The deadliest incident of the weekend was a mass shooting at the Paschall Playground in Southwest Philadelphia.

Shortly after 10 p.m. Sunday, Isiaka Meite, 24, was killed and five others shot — including four teenagers — when a single gunman fired nine .40 caliber bullets into a crowded graduation party attended by about 75 people, said Capt. of Homicide Jason Smith.

Three men were seen in the park’s parking lot around the 6900 block of Reed Bird Place, Smith said. One of the men then “fired indiscriminately” into the party, shooting the six victims, Smith said.

The three men then fled from the park and got into a newer model silver Nissan Rogue, Smith said. Police chased the vehicle but called off the pursuit to attend to the wounded victims — a 24-year-old, three 16-year-olds and a 15-year-old. All five were transported to area hospitals and were listed in stable condition, police said.

The day before, two separate shootings in the busy commercial corridor on South Street left three injured.

A double shooting occurred around 12:50 a.m. Saturday on the 400 block of South Street, police said. A 21-year-old was shot in the left thigh and a 22-year-old was shot once in the left leg, police said. Both were transported to Jefferson Hospital and are in stable condition, police said.

Hours later, around 3 a.m. at 9th and South streets, a 22-year-old was shot once in the right shoulder and twice in the abdomen near the South Street Police Mini-Station, police said. He was transported to Jefferson Hospital and listed in critical condition.

It remained unclear if anyone was targeted in the shooting as police continue to investigate, Smith said.

Councilman Mark Squilla said, “We have to do something drastic on South Street.”

During a telephone interview, Squilla proposed a curfew for businesses operating in the South Street Headhouse District, a popular and crowded destination with bars, Jim’s Steaks and Philadelphia’s Magic Gardens.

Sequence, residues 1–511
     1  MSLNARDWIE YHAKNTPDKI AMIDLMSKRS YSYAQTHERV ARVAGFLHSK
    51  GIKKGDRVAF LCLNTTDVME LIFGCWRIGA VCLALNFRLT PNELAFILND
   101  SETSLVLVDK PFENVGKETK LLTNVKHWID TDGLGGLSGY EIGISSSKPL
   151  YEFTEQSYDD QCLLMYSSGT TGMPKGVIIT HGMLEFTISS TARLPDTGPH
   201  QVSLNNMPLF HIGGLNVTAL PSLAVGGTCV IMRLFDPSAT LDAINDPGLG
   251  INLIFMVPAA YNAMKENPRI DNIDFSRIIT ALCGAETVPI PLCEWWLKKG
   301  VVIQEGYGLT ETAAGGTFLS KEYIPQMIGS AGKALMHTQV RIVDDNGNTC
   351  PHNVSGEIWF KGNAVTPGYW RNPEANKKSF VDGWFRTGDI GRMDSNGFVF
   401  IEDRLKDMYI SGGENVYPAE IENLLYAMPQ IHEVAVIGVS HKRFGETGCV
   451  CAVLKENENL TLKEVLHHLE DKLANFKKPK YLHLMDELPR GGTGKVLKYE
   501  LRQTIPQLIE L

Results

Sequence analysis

“Bars and all — everything,” Squilla said about the proposal he was shopping around to others on Monday.

Only a single shooting occurred in an area of the city related to the department’s new anti-gun-violence plan Operation Pinpoint.

Ross said criminals were adjusting to the increased resources and presence of officers in the areas targeted by Operation Pinpoint, and he raised concerns about the displacement of officers. The department will adapt to these developments, he said.

“Clearly, there’s displacement, so we have to make adjustments for that because clearly the people who are involved in gun play have done just that,” the commissioner said. “They see where our focus has been in these areas because of persistent gun violence that we’ve had throughout the city.”

Squilla said the increase in violence in his district called for “different measures.”

The councilman credited the Police Department with investing more resources and details to the South Street area, but that has not stopped the gun violence. The councilman said he expected to meet again with police, community groups and other neighborhood stakeholders to address the violence.

“And we have to start thinking outside the box,” he said, “if we’re going to resolve these issues.”